The findings of the current study suggest that asthma might have been under-reported in other epidemiological studies in Portugal. This may also be true in other countries. The use of accepted diagnostic criteria using the best knowledge from both the doctor and the patient may help to overcome this.
Careful assessment of symptoms can lead to more accurate diagnosis of population. Skilful application of this method in clinical practice may help to identify those patients who may benefit from appropriate treatment.
Use of the best knowledge about asthma from both the patient and the physician seems to be a good strategy for the determination of the prevalence of asthma in a community survey.
The prevalence of asthma found in the present study was higher than that found in some studies, though other studies have found a prevalence above 10%.
The prevalence of asthma in the birth to 7 age group was lower than expected due to diagnostic problems.
Based on these data, assuming a prevalence of asthma of 10%, with the current population of Portugal of 10,893,010 in 2011, we may expect 1,089,301 persons to have asthma in Portugal.
Further studies in other regions of Portugal using the same diagnostic criteria and sampling methods should be done in order to confirm these findings.
Global Initiative for Asthma
International Study of Asthma and Allergies in Childhood
Masoli M, Fabian D, Holt S, Beasley R: Global Initiative for Asthma (GINA) Program. The global burden of asthma: executive summary of the GINA Dissemination Committee report. Allergy. 2004, 59: 469-78. 10.1111/j.1398-9995.2004.00526.x.
Global Initiative for Asthma (GINA): Global Strategy for Asthma Management and Prevention. NHLBI/WHO workshop report. 1995, National Institutes of Health, National Heart, Lung and Blood Institute, [cited 2010 Oct 23]. Updated 2009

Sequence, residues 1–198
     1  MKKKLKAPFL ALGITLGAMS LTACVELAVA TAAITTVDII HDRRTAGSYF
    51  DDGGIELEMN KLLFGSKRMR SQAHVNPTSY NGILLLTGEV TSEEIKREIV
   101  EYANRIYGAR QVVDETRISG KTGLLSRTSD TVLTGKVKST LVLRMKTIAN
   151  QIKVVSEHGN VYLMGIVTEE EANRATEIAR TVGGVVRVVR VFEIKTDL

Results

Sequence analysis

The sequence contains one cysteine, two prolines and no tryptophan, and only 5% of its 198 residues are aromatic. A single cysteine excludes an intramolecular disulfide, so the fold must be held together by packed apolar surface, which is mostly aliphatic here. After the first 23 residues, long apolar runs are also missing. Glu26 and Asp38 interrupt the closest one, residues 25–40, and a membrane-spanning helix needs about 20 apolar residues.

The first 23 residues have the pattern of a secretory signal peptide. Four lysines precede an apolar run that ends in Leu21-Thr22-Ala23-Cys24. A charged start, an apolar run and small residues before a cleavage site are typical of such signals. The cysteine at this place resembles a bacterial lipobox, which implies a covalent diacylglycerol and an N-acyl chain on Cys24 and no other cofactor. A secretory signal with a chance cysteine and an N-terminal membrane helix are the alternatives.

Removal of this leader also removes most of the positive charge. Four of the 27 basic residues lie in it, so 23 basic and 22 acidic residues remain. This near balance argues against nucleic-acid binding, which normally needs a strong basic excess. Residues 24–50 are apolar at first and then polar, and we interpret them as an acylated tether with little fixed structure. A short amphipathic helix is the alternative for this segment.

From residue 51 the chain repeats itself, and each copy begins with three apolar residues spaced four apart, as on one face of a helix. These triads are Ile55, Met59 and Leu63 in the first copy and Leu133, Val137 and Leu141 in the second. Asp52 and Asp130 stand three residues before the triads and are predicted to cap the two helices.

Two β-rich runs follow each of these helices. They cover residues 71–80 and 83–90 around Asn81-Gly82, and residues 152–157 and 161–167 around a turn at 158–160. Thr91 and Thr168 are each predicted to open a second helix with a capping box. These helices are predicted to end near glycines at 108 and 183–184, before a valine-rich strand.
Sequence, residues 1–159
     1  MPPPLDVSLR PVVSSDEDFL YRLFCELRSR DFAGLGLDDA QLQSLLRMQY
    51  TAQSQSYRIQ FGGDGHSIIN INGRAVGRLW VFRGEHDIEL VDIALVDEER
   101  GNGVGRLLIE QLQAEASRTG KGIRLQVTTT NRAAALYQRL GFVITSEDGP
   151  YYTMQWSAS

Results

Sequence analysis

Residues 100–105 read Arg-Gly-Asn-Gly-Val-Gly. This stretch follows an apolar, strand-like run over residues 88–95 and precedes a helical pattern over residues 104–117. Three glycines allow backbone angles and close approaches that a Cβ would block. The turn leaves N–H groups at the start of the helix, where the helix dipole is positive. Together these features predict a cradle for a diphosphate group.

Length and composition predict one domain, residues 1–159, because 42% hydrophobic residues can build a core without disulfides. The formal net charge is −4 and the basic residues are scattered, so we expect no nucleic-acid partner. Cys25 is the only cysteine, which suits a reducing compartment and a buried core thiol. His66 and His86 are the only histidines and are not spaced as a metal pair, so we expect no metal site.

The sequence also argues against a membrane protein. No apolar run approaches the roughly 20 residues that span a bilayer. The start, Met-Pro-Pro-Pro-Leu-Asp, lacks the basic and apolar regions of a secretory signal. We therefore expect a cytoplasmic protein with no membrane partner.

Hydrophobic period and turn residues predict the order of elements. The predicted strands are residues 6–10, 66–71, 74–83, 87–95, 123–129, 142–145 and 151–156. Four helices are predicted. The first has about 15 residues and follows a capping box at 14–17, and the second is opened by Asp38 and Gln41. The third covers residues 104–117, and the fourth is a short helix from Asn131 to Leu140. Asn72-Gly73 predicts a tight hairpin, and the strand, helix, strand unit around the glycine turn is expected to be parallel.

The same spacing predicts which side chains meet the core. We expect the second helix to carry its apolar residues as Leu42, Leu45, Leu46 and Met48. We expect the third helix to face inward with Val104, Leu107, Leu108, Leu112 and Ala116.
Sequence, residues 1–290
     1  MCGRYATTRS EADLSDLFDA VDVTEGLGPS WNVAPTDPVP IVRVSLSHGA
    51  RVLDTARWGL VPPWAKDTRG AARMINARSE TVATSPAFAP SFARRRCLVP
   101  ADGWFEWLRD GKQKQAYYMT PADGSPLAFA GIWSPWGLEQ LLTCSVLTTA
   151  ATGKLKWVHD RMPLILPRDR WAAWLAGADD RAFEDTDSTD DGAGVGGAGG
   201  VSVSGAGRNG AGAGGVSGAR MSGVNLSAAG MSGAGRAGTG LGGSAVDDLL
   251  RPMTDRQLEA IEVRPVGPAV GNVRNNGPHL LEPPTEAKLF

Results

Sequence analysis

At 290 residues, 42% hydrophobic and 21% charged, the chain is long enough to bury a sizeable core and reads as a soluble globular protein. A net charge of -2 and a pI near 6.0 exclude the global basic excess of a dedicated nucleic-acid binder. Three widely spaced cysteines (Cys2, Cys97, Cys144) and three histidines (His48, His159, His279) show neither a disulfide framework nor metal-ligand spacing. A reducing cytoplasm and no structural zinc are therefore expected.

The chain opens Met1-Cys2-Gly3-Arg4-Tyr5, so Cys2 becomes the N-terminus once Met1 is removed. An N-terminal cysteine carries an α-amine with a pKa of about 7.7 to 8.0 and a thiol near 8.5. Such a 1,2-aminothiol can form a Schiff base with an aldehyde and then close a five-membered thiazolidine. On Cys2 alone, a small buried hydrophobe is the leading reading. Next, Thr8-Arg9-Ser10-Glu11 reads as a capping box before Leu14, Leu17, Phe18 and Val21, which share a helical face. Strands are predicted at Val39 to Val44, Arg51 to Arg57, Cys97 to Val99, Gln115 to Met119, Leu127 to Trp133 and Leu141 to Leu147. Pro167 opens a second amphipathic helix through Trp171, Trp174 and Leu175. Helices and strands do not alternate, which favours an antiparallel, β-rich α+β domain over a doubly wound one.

Masoli M, Fabian D, Holt S, Beasley R: Global Burden of Asthma. Global Initiative for Asthma. 2003
International Study of Asthma and Allergies in Childhood (ISAAC): Worldwide variations in the prevalence of asthma symptoms: the International Study of Asthma and Allergies in Childhood (ISAAC). Eur Respir J. 1998, 12: 315-35.
Janson C, Anto J, Burney P, Chinn S, de Marco R, Heinrich J, et al: The European Community Respiratory Health Survey: what are the main results so far? European Community Respiratory Health Survey II. Eur Respir J. 2001, 18: 598-611. 10.1183/09031936.01.00205801.
Pearce N, Sunyer J, Cheng S, Chinn S, Björkstén B, Burr M, et al: Comparison of asthma prevalence in the ISAAC and the ECRHS. ISAAC Steering Committee and the European Community Respiratory Health Survey. International Study of Asthma and Allergies in Childhood. Eur Respir J. 2000, 16: 420-6. 10.1183/9031936.00.16337700.
Eagan TM, Brøgger JC, Eide GE, Bakke PS: The incidence of adult asthma: a review. Int J Tuberc Lung Dis. 2005, 9: 603-12.